Urban Design Studio Wins Award for Best Practice/Outstanding Student Project

people seated around a three-sided conference table in a conference room
Students met with Lakewood city officials to discuss their projects. photo / Mitch Glass
Drawing from a book depicting people walking and biking on a city street with telephone poles and wires overhead
A rendering from the final report Lakewood Urban Design Workshop Fall 2018. rendering / provided
Men seated and standing near a large LCD display in a conference room.
The final report was presented and distributed to the Lakewood planning department. photo / Mitch Glass
Students met with Lakewood city officials to discuss their projects. photo / Mitch Glass A rendering from the final report Lakewood Urban Design Workshop Fall 2018. rendering / provided The final report was presented and distributed to the Lakewood planning department. photo / Mitch Glass
News
October 22, 2019

Working in collaborative teams, students from the departments of city and regional planning, architecture, and landscape architecture traveled to Lakewood, Ohio, in fall 2018 and developed 10- to 15-year visions for four key corridors in the city. The final report resulting from their projects earned a Best Practice/Outstanding Student Project award from the American Planning Association (APA) Upstate New York Chapter, announced on October 3 at the organization's annual conference in Rochester.

The students were part of the fall 2018 CRP Land Use, Environmental Planning, and Urban Design Workshop taught by Visiting Critic Mitch Glass. According to Glass, the students "designed innovative and resilient strategies for economic development, public space, and streetscape interventions as a way of responding to both regional and local needs."

Lakewood is just west of Cleveland, Ohio, along the shore of Lake Erie. A focus of the project was an area between the two cities along West 117th Street in Lakewood. The work incorporated workforce housing models, multimodal transportation improvements, and public space improvements to provide a higher quality of living and economic development opportunities for local Lakewood residents in the city's Fourth Ward, as well as residents of western Cleveland seeking affordable housing.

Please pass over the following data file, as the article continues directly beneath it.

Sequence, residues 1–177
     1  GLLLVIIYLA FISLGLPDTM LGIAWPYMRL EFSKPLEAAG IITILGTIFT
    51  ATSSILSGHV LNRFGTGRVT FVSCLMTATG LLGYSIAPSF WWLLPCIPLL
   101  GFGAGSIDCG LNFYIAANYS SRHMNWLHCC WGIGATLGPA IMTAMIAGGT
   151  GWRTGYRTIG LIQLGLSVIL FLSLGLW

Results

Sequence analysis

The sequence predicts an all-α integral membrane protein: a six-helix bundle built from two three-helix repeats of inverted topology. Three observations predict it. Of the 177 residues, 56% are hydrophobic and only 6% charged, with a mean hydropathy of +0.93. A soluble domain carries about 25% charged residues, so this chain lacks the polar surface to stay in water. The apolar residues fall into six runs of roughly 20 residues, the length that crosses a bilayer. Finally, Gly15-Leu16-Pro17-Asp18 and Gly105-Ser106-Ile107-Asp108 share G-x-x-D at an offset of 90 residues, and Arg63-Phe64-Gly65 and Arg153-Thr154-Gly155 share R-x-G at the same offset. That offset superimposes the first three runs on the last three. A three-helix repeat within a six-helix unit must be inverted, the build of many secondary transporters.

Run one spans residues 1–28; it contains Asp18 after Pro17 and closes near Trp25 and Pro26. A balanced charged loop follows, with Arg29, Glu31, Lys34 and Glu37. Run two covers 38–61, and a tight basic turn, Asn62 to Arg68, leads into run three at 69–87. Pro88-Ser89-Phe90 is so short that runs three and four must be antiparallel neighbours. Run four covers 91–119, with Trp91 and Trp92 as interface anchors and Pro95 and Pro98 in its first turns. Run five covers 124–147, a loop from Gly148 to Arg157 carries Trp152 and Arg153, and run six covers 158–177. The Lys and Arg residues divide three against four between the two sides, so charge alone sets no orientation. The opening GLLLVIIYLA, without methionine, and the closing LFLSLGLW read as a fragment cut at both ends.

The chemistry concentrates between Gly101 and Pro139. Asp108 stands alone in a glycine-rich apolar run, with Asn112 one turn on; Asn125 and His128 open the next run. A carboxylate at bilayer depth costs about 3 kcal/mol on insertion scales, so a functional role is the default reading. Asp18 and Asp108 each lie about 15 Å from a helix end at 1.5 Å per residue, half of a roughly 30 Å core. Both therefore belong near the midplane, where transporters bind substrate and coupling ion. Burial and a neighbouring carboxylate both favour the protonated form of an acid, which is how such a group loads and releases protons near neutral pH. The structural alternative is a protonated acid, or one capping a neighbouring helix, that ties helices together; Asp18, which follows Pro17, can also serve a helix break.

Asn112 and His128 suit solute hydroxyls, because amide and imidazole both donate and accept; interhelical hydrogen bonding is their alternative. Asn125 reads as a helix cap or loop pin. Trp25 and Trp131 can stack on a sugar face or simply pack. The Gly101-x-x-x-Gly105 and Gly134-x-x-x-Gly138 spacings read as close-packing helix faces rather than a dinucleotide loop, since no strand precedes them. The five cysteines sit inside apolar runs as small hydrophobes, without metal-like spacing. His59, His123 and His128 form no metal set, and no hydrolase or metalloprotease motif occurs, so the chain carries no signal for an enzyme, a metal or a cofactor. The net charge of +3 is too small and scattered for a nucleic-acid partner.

"From analysis and site visits to client interaction, conceptualization, final drawings, narratives, and the final report, the students participated in the professional process of urban design while recognizing particular roles, responsibilities, and insights from each discipline," Glass said. "The final report was presented and distributed to the Lakewood planning department to catalyze future discussions around the revitalization of these corridors outside of the highly invested downtown area."

"I joined the class specifically for the hands-on urban design experience," said regional planning graduate student Eden Marek (M.R.P. '20).

Marek took the class during her first semester in the master's program and said it provided an opportunity to explore her interest in small public spaces within the larger-scale issues of affordable housing and transportation. Her team of four — including Anna Makido (M.S. RS '19), Victor Tran (B.S. URS '18), and Shawn Sun (M.Arch. '19) — was a mix of graduate and undergraduate students in architecture, planning, regional science, and urban and regional studies.

"It was all new to me," Marek said. "I learned so much about the nuts and bolts of the iterative design process. The APA Upstate New York Chapter award was a great way to end my first year of graduate school."

It was also the first urban design project for Yu Wu (M.R.P./M.L.A. '20). Wu and his partner Yang Yang (M.S. AAD '19) focused on strategies for a brownfield parcel. They proposed a bioremediation strategy to stabilize contaminants in the soil and prevent them from entering the biocycle. Wu said he learned about building regulations and design concerns by working with an architecture student.

"Exposure to a real-life urban design project was very inspiring," he said. "We were fortunate to have the City of Lakewood as our client. Their open-minded approach made it easy for us to propose an innovative solution to the brownfield issue."

In addition to work completed by the student teams, Glass acknowledged Graduate Teaching Research Specialist Rhea Lopes (M.R.P. '19) as instrumental in organizing the winning report. The other students participating in the class were:

  • Ching-Lun (Don) Chen (M.S. AAD '19)
  • Austen Davis (M.R.P. '20)
  • Mengyuan Hua (M.R.P. '19)
  • Kevin Kim (M.R.P./M.L.A. '20)
  • Noah Schumer (M.R.P. '19)
  • Leigh Scudder (M.R.P. '19)
  • Jacob Soley (B.S. URS '19)
  • Xinglu Zhu (continuing education student)

By Patti Witten